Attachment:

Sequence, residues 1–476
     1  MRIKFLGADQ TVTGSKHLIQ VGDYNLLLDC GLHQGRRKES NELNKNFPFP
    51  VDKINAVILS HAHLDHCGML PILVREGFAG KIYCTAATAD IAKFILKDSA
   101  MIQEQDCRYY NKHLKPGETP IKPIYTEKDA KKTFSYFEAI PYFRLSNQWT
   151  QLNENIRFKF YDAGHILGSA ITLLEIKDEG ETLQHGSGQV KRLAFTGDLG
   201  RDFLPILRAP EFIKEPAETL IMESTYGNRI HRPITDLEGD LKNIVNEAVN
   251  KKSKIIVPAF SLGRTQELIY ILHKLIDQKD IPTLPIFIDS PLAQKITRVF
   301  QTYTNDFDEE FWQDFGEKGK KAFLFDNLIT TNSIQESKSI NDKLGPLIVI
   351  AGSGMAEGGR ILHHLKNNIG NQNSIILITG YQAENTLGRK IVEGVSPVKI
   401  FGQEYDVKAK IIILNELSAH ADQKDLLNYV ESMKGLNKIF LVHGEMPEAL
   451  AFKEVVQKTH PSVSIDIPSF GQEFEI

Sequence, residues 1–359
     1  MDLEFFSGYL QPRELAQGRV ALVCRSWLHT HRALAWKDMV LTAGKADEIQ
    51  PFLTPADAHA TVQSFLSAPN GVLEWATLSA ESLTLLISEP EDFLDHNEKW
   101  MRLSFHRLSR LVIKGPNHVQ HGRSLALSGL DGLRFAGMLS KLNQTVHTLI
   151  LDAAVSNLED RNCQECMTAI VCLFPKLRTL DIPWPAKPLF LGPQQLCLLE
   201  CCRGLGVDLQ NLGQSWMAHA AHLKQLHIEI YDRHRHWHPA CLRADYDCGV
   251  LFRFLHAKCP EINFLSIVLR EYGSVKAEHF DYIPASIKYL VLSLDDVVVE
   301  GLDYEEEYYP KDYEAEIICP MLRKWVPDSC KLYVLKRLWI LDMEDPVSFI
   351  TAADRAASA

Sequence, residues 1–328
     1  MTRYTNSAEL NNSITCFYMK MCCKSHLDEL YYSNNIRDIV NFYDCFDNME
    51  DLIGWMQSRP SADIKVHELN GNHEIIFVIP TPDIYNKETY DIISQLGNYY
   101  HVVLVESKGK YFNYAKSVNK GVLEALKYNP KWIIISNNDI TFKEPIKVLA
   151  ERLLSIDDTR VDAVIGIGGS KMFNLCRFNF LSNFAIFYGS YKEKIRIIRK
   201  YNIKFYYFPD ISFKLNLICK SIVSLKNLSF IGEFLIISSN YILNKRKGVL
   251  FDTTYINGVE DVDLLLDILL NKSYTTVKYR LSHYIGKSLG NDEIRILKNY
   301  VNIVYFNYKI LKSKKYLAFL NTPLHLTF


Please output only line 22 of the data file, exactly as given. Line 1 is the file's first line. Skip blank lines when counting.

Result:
     1  MTRYTNSAEL NNSITCFYMK MCCKSHLDEL YYSNNIRDIV NFYDCFDNME